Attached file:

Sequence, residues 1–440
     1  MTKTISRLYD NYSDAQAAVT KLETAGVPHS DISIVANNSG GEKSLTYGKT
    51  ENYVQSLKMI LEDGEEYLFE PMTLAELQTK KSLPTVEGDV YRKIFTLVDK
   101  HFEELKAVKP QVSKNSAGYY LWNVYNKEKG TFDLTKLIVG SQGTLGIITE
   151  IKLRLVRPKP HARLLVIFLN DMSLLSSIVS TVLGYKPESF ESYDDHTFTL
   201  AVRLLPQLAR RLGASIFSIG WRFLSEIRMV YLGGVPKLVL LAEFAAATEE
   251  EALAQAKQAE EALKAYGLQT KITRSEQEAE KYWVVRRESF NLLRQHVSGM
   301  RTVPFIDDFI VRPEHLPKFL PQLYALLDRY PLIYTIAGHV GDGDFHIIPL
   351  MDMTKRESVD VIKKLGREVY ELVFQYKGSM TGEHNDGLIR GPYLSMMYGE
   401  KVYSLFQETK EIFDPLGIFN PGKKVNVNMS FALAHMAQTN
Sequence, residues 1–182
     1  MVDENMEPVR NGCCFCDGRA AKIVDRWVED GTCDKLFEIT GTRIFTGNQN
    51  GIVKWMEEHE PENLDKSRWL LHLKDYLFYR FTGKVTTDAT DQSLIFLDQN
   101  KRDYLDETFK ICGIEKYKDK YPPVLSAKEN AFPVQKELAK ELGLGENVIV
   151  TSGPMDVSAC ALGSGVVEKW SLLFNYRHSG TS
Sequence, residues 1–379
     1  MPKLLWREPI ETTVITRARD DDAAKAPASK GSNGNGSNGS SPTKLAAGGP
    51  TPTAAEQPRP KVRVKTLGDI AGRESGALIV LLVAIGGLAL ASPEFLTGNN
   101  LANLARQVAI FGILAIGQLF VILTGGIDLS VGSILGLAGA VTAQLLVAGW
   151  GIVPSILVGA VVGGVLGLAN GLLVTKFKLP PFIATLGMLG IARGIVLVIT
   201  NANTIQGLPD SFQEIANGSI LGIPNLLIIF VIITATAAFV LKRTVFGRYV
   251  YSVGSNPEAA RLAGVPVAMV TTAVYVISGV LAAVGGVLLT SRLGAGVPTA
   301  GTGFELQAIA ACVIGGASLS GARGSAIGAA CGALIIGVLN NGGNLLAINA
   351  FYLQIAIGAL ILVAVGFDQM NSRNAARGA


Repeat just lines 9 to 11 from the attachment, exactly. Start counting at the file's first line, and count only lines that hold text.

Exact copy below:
   351  MDMTKRESVD VIKKLGREVY ELVFQYKGSM TGEHNDGLIR GPYLSMMYGE
   401  KVYSLFQETK EIFDPLGIFN PGKKVNVNMS FALAHMAQTN
Sequence, residues 1–182